I have always been fascinated by the amazing range of bottle sizes (and shapes and styles) that whisky and other spirits get sold in. From miniatures to magnums, and countless other sizes, drink can be bought in every conceivable liquid measure.
Benromach has long been one of my favourite distilleries and I recently was able to sample three of its single malt expressions—and all three were delectable.
It was D-Day for Dram Day in the East Neuk yesterday as Kingsbarns Distillery formally launched its first expression, appropriately called Dream to Dram.
When historic hotels get a facelift, all too often the interior is remorselessly gutted and starkly modernised, with just the façade and possibly the cellar bar left unaltered.
In earlier times, duty free shops at airports and elsewhere were magnets for just about everyone.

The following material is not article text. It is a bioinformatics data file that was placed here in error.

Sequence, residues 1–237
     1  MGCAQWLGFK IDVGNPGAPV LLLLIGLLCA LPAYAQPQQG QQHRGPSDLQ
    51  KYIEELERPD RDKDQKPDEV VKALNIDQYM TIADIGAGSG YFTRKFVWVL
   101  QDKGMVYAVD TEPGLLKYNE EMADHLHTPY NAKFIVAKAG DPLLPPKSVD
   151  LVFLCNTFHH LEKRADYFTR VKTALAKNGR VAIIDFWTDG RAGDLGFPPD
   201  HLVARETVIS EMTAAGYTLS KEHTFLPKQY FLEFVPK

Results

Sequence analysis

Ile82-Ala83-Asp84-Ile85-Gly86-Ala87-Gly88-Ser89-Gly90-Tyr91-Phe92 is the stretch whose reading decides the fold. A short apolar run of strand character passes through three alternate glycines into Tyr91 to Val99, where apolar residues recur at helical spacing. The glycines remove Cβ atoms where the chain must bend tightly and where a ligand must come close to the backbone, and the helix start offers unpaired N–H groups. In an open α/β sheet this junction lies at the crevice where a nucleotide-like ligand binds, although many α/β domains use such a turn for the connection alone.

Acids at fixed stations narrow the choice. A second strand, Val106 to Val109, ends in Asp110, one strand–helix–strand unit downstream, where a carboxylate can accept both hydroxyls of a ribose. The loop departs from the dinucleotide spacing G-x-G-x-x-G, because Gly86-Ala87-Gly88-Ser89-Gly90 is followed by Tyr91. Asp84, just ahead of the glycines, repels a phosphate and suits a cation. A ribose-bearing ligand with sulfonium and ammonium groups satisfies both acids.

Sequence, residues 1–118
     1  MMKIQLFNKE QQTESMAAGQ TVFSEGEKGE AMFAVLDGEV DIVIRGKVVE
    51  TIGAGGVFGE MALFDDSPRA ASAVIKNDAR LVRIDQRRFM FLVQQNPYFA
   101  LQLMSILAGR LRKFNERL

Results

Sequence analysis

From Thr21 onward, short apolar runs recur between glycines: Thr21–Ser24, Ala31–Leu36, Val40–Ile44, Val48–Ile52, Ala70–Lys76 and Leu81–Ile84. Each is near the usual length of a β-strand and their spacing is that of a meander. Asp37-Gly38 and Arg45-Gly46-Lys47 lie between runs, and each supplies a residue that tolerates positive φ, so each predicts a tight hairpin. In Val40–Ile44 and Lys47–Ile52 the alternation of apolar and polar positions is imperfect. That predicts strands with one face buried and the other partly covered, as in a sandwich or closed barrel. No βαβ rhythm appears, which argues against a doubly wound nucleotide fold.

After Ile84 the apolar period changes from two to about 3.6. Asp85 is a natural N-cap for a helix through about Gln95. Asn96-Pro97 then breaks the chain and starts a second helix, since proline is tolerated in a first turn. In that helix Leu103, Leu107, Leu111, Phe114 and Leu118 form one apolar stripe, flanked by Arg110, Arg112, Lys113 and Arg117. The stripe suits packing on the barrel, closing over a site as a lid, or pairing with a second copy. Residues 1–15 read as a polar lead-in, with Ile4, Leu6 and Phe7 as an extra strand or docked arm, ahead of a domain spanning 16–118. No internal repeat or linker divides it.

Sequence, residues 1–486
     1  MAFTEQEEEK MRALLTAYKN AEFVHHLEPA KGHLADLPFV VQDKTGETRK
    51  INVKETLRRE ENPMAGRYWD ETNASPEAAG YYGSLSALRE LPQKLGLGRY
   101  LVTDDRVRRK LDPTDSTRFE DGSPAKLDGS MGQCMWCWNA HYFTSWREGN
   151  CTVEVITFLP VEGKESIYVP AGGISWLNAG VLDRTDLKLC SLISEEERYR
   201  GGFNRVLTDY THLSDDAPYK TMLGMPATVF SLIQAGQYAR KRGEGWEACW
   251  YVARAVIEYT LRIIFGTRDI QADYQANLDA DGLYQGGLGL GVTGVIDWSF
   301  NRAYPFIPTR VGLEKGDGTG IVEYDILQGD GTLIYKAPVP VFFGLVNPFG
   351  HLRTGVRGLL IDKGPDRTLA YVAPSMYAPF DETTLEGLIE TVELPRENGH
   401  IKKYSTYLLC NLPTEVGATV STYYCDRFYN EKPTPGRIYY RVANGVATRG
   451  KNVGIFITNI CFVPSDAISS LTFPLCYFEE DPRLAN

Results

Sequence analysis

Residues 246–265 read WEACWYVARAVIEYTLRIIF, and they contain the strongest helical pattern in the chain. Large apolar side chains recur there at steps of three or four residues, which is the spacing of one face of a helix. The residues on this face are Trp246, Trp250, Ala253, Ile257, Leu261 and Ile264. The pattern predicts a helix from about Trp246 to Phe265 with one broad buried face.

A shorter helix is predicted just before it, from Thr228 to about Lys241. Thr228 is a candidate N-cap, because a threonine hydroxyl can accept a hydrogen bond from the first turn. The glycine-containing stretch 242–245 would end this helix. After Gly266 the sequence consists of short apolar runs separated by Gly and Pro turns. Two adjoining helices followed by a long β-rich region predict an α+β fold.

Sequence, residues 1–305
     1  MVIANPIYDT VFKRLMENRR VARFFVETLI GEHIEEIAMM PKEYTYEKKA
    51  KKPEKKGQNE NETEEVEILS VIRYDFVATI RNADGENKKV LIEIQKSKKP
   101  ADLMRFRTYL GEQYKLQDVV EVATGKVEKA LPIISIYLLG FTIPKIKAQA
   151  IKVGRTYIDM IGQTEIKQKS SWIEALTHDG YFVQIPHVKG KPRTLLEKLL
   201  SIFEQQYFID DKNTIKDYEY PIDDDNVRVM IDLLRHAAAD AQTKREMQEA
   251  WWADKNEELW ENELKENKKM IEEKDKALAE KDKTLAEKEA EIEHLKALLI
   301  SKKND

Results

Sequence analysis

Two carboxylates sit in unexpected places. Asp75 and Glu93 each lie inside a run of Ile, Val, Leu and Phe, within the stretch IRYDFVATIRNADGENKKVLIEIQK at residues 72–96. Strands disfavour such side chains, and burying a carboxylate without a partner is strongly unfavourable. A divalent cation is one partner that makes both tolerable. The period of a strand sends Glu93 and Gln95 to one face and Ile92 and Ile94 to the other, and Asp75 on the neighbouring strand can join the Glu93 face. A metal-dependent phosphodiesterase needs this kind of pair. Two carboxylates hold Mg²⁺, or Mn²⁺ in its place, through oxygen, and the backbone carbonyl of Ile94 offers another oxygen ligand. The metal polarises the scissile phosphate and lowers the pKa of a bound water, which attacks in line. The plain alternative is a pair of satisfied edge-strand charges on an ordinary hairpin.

For decades Britain was arguably the birthplace and spiritual home of the two-seater sports car.
Many aspects of the whisky industry, and indeed the cratur itself, have changed over the past 100 and more years. The industry is bigger. Much of it is owned by foreign firms. Manual labour and human control have been supplanted by automation and computers.
This summer has spawned many articles and TV programmes on 1918, being the year women – or at least some of them – got the vote and the First World War ended.
I have frequently commented on the Scottish boom in new distilleries, whether whisky or gin. Yet it pales beside the current Irish distillery boom.
Angus Dundee Distillers are one of these firms whose importance is in inverse proportion to their coverage in the media. Put simply, it’s a firm you have hardly ever heard of but they are a big player in the industry. Roughly 5% of the whisky that leaves Scotland in bottles or tankers is supplied by them. In a £4 billion-plus industry, we may be talking about £200 million-plus.